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18 April 2024

UAE needs to curtail domestic energy consumption habits: Energy Minister

By Wam

The United Arab Emirates, with the second largest Arab economy, will develop a diversified and efficient energy portfolio that will sustain future economic growth and extend the country’s position as a reliable supplier of crude oil to global markets, the country’s Energy Minister has said.

"The status quo of high income and low energy prices has created some inefficiencies, adding pressures on hydrocarbon resources and the environment," Suhail Mohammed Al Mazrouei said ahead of the 5th Gulf Intelligence UAE Energy Forum, which will be held in Abu Dhabi on January 13th under the theme, Global Energy Outlook 2020. "A general change in habits would help drive the region’s competitiveness and boost efficiencies in the longer term," the minister said.

Gulf States, including the UAE, are among the world’s largest energy exporters, shipping both crude and gas to customers around the globe. However, the countries are also emerging as major energy consumers in their own right, which could raise concerns amongst Asian customers that soaring domestic consumption in OPEC states may eat into export capacities, with Saudi Arabia now consuming a quarter of its oil output.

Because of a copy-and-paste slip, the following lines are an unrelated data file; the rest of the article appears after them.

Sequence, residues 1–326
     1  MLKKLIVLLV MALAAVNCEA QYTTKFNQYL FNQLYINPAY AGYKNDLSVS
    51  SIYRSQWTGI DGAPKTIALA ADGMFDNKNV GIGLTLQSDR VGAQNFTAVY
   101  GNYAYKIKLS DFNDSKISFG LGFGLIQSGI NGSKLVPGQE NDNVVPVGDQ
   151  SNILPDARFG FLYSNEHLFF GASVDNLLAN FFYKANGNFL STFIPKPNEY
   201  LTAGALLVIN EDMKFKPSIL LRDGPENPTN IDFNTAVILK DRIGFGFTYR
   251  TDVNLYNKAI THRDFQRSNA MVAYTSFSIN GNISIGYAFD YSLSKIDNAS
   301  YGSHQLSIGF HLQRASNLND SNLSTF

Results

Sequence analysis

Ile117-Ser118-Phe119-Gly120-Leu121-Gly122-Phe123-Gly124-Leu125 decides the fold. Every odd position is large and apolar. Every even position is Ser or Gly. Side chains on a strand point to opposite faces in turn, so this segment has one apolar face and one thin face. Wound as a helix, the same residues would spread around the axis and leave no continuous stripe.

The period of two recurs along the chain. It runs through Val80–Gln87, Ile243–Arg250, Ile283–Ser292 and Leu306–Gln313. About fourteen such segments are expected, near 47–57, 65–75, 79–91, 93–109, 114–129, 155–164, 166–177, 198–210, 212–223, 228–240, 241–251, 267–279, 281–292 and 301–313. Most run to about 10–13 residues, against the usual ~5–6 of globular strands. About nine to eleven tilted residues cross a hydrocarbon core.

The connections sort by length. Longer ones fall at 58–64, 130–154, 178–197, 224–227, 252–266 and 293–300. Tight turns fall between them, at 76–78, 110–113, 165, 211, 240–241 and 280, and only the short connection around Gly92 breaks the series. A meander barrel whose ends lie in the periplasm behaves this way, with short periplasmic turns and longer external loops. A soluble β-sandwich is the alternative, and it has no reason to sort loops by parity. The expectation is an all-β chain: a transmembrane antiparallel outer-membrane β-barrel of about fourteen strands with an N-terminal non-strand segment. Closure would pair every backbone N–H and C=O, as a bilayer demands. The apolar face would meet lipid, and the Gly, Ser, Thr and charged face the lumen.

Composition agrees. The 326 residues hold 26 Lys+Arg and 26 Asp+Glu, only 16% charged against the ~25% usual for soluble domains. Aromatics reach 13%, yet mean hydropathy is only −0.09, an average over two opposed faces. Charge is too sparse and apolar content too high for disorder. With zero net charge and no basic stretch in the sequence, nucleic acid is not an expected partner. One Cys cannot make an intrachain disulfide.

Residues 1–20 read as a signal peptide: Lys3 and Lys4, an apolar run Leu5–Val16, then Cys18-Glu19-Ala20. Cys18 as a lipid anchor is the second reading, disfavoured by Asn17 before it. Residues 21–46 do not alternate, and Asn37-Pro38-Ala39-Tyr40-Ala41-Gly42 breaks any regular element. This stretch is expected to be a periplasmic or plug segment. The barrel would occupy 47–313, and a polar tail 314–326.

The demand for electricity in the UAE, which is almost exclusively generated from natural gas-fired power plants, is set to rise at a rate of about 9 percent per annum through to 2020. Rising gas demand from power stations and industrial users such as petrochemical makers and steel manufacturers has turned the UAE into a net gas importer in the past decade, triggering multi-billion dollar investments into nuclear power and renewables.

The UAE Energy Forum, now in its fifth year, will bring together the National and International energy industry operating in Abu Dhabi to discuss and debate critical topics impacting the sector through to 2020, including the Shale revolution, meeting Asian demand and the role women can play in solving the talent shortage in the energy industry.

"A rising and expanding middle class from Asia is looking to continue their progress towards increased prosperity and consumption, but this growth can only be sustained if Asia continues to have access to clean forms of energy," said Sri Lanka’s Minister of Petroleum Industries, Anura Yapa, who will address next week’s forum in a keynote speech on Energy Mix 2020 – Limited Energy, Unlimited Asia.

As the global centre of economic gravity shifts from west to east and north to south, the world is seeing the emergence of new energy corridors and new alliances aimed at meeting soaring energy demand over the next five years. Today, Asia is the principal consumer of Gulf hydrocarbons, with as much as 70 percent of Gulf production now being consumed in countries such as India, China, Japan and South Korea. This dependence is going to grow, and with it the need to deepen collaboration between energy consuming nations in Asia and hydrocarbon producers in the Gulf.

"Collaboration between producing nations and international oil companies (IOCs) will be another important element in ensuring that future energy requirements will be met," said Dr. Klaus Langemann, Vice President of Wintershall Middle East. "True and open partnerships between producing countries and IOCs represent an essential building block in order to secure a sustainable supply with energy in the future," he said.